7. Characterization of Plasma Membrane Proteins from Ovarian Cancer Cells Using Mass Spectrometry

    SciTech Connect (OSTI)

    Springer, David L.; Auberry, Deanna L.; Ahram, Mamoun; Adkins, Joshua N.; Feldhaus, Jane M.; Wahl, Jon H.; Wunsch, David M.; Rodland, Karin D.

    2003-01-01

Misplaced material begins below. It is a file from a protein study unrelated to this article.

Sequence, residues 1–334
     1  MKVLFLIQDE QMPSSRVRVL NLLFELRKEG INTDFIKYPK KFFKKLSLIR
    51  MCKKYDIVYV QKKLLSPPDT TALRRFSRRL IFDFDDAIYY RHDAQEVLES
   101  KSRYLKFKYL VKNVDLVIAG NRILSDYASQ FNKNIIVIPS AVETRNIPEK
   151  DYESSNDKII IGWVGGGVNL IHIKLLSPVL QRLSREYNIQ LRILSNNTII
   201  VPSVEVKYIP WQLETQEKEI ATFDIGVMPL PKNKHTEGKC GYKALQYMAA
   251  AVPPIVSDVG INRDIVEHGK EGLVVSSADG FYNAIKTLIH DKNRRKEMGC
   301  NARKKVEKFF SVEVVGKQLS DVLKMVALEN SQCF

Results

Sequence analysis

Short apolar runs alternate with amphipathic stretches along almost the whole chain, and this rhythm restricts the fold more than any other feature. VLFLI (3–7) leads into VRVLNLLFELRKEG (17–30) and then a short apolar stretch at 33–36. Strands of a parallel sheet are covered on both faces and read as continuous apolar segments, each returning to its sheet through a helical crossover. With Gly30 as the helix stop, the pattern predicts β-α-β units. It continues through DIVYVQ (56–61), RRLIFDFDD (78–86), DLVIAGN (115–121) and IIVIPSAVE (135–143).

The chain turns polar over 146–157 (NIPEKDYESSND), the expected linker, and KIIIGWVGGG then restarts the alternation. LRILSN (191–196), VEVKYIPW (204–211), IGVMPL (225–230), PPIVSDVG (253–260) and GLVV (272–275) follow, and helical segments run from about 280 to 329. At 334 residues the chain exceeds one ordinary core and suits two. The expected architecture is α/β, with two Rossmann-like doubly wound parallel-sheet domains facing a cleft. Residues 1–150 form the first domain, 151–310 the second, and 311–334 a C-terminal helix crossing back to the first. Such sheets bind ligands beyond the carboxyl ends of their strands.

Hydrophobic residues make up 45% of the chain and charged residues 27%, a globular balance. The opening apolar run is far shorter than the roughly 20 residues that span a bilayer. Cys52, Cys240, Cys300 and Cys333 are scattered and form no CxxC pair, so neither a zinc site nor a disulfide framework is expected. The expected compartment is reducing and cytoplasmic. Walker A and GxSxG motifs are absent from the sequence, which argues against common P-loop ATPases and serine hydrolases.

To determine how the repertoire of plasma membrane proteins change with disease state, specifically related to cancer, several methods for preparation of plasma membrane proteins were evaluated. Cultured cells derived from stage IV ovarian tumors were grown to 90% confluence and harvested in buffer containing CHAPS detergent. This preparation was centrifuged at low speed to remove insoluble cellular debris resulting in a crude homogenate. Glycosylated proteins in the crude homogenate were selectively enriched using lectin affinity chromatography. The crude homogenate and the lectin purified sample were prepared for mass spectrometric evaluation. The general procedure for protein identification began with trypsin digestion of protein fractions followed by separation by reversed phase liquid chromatography that was coupled directly to a conventional tandem mass spectrometer (i.e. LCQ ion trap). Mass and fragmentation data for the peptides were searched against a human proteome data base using the informatics program SEQUEST. Using this procedure 398 proteins were identified with high confidence, including receptors, membrane-associated ligands, proteases, phosphatases, as well as structural and adhesion proteins. Results indicate that lectin chromatography provides a select subset of proteins and that the number and quality of the identifications improve as does the confidence of the protein identifications for this subset. These results represent the first step in development of methods to separate and successfully identify plasma membrane proteins from advanced ovarian cancer cells. Further characterization of plasma membrane proteins will contribute to our understanding of the mechanisms underlying progression of this deadly disease and may lead to new targeted interventions as well as new biomarkers for diagnosis.